My Drosera silvicola pygmy Drosera decided to flower for me today so I thought I'd post a few photos. I believe that D. silvicola has been lumped with Drosera barbigera as D. barbigera ssp. silvicola but for the moment I still refer to mine as just D. silvicola.
First a single flower-
Then a double header-
And finally a shot of the whole plant in flower-
This is one of the more difficult pygmy Drosera to keep alive so I'm glad I've managed to get flowers from it this year. I love the effect of the red spot in the middle of the deep pink flowers.
Once again you have given us an amazing image.
what I would like to know is....
How many of those do you have?
Where did you get them?
Why are they more difficult to keep alive?
What a unique flower! *My plants didn't flower this season, but I am very proud of them. *I got 3 gemmae last year, and have three plants! *It is a little sensitive, but it seems to like me, unlike D. pyncoblasta that I continue to be unable to maintain. For some reason, I always thought the flowers would be orange: maybe it is the flame like colors of the plant that suggests this.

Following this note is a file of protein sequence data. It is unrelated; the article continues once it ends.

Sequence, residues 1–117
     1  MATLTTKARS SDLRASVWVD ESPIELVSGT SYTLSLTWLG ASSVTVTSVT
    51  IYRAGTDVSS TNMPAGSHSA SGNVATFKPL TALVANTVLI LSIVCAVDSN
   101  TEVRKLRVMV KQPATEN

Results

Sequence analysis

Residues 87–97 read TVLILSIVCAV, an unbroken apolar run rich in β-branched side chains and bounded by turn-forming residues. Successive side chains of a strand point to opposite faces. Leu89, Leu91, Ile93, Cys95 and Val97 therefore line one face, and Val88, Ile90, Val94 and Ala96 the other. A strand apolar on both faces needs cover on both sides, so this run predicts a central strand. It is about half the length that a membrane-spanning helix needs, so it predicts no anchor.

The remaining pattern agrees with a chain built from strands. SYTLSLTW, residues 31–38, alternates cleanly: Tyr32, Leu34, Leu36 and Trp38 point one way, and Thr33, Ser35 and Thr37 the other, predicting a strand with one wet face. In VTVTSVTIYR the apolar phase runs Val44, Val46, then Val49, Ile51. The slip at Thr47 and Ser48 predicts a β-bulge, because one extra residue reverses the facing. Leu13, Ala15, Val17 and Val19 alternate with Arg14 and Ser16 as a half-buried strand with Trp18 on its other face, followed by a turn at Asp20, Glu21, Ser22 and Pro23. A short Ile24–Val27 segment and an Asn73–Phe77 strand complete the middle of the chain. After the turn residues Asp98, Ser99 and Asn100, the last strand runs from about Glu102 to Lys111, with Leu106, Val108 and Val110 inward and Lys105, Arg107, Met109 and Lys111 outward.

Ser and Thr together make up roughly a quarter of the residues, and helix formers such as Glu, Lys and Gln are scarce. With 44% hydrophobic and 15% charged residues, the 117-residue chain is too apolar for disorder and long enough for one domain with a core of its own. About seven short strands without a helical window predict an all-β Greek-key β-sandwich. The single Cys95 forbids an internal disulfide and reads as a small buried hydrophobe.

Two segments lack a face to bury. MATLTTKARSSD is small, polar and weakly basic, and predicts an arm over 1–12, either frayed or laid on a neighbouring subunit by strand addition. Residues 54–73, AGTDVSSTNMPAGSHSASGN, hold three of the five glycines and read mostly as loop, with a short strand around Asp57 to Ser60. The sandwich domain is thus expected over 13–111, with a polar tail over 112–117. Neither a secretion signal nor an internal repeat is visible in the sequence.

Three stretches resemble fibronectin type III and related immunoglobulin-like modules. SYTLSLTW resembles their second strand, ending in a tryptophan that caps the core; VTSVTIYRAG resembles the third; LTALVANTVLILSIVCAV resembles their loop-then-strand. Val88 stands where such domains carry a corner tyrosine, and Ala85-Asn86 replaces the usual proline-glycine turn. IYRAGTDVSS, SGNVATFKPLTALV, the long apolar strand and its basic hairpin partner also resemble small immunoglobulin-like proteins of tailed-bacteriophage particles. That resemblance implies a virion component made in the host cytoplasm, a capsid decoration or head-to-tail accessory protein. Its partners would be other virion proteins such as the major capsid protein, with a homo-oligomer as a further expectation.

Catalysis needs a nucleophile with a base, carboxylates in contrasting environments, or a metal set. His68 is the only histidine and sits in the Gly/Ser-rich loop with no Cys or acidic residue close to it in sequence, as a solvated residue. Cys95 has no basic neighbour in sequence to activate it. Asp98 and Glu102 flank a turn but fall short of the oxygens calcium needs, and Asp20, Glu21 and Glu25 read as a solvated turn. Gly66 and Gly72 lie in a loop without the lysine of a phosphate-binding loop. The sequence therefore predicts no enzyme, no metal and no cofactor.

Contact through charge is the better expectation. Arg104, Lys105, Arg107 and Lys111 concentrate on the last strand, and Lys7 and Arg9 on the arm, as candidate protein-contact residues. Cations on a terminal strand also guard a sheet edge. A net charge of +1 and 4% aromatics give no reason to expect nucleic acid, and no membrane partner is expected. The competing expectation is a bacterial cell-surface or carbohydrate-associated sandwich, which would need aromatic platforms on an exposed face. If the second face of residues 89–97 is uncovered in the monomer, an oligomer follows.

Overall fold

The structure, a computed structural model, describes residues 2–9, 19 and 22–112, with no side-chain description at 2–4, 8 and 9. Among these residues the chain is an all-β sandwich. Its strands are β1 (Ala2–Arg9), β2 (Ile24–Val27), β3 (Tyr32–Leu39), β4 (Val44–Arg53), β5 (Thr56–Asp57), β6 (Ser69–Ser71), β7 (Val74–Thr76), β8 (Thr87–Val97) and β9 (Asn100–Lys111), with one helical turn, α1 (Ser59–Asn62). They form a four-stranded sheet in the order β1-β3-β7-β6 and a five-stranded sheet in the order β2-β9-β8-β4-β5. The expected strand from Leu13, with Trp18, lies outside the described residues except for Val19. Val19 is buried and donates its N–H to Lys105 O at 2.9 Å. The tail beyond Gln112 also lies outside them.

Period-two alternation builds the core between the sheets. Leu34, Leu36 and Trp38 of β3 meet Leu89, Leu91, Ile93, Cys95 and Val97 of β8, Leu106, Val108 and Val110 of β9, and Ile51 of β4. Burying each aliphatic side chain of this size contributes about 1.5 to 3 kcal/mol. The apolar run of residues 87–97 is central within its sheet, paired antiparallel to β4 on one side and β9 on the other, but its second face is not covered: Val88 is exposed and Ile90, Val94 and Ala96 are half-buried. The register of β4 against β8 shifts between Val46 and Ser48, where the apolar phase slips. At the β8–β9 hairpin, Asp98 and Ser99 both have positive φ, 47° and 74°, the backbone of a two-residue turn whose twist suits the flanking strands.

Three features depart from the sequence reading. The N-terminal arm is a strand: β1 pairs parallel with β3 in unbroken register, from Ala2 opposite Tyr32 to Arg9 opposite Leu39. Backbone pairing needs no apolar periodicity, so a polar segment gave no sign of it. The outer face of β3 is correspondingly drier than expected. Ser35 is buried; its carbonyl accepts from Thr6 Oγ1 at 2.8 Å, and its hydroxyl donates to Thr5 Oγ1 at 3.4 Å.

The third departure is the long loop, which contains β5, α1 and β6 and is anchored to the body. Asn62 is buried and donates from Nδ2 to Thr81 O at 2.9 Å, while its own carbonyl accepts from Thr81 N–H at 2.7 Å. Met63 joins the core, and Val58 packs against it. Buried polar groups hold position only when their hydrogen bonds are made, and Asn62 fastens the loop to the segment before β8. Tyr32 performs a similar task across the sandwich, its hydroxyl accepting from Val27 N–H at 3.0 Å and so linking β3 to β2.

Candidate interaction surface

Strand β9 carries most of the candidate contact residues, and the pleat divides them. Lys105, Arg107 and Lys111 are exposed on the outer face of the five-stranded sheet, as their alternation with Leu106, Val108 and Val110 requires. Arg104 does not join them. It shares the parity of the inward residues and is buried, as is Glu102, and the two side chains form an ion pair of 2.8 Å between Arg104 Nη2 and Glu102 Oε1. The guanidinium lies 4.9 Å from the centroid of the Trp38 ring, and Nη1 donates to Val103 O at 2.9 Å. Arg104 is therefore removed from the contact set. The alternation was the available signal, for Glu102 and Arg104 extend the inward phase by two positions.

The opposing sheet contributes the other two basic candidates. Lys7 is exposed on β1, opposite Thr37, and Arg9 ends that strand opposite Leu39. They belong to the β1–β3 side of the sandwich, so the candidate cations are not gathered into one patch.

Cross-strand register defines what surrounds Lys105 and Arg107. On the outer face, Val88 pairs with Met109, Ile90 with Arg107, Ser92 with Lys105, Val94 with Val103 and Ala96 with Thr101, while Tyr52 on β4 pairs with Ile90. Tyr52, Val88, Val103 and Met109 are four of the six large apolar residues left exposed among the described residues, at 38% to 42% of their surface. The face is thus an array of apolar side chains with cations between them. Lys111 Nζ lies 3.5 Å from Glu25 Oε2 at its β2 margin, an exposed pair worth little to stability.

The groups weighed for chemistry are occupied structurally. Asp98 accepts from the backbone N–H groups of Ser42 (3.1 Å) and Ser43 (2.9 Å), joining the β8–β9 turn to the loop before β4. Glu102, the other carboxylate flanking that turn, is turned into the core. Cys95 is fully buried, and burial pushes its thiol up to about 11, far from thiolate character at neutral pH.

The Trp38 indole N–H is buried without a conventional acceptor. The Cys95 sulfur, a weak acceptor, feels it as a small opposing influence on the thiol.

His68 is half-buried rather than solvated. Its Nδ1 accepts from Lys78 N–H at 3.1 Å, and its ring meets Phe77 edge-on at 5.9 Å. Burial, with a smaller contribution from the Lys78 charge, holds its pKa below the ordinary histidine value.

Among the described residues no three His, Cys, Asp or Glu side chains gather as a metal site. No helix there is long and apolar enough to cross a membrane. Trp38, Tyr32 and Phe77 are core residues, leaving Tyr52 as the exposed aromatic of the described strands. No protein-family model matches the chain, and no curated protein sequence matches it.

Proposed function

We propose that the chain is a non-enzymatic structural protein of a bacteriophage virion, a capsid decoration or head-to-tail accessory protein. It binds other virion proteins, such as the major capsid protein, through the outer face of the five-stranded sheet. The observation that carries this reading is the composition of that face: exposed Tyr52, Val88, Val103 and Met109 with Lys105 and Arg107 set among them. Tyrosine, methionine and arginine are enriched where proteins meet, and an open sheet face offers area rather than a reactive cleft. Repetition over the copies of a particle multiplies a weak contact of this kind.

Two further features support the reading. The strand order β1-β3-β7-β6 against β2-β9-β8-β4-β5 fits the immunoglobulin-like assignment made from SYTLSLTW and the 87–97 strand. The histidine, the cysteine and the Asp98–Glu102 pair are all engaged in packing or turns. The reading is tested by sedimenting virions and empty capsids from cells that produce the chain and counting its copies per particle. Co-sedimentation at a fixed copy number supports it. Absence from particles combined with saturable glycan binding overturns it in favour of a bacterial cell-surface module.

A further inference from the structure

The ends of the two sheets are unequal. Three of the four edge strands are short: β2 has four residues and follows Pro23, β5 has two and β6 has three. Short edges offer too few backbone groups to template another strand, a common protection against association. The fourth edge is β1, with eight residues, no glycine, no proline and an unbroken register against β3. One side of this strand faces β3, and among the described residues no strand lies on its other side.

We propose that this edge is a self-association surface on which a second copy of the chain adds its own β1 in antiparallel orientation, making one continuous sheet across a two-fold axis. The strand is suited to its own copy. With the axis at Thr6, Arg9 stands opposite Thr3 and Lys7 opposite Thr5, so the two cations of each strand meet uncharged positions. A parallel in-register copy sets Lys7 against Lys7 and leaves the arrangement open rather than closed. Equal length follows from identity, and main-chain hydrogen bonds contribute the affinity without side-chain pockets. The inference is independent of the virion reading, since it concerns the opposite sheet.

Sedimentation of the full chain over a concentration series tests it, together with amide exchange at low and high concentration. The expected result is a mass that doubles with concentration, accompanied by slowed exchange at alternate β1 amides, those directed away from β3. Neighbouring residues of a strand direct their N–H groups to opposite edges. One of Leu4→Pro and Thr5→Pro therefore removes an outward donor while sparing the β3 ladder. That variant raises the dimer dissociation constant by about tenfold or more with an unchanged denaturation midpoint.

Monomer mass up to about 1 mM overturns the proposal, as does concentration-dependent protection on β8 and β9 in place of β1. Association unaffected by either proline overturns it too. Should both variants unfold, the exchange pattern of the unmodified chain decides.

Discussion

Thanks again for the beautiful photo's!
At the moment I have a pot with 7 mature plants. I received them as gemmae in June this year. The great thing about pygmies is that you can start with a gemmae and have a mature plant with flowers in the same Spring.
I got them from a friend who grows many types of pygmy Drosera. I suppose you could say he specializes in them. The interesting thing though is that all of his plants of this species have recently died. He has asked if I can give him back some gemmae next season. This is a great example of why you should not keep all your good plants to yourself. If my friend hadn't passed some of these plants around he wouldn't be able to get any back.
They are difficult to keep alive because of the environment in which they grow in WA. They grow in rocky lateritic soil on the top of hills and ridges. The soil in these areas is extremely well drained and very dry in summer. These conditions must be considered when you grow this and other species which grow in similar habitats (eg- D. barbigera, miniata, pycnoblasta, sewelliae). I grow my plants in a sandy peat mix (2:1, sand: peat). They receive very high light levels. I do not grow them in a tray of water as I do with most of my other pygmy species. I grow them on my greenhouse bench and place them into a tray of water when the surface appears dry. I leave them there for a couple of hours until the soil appears damp again. I usually repeat this process every couple of days at the moment now that the temps are high. In winter I may only water the plants every week or two.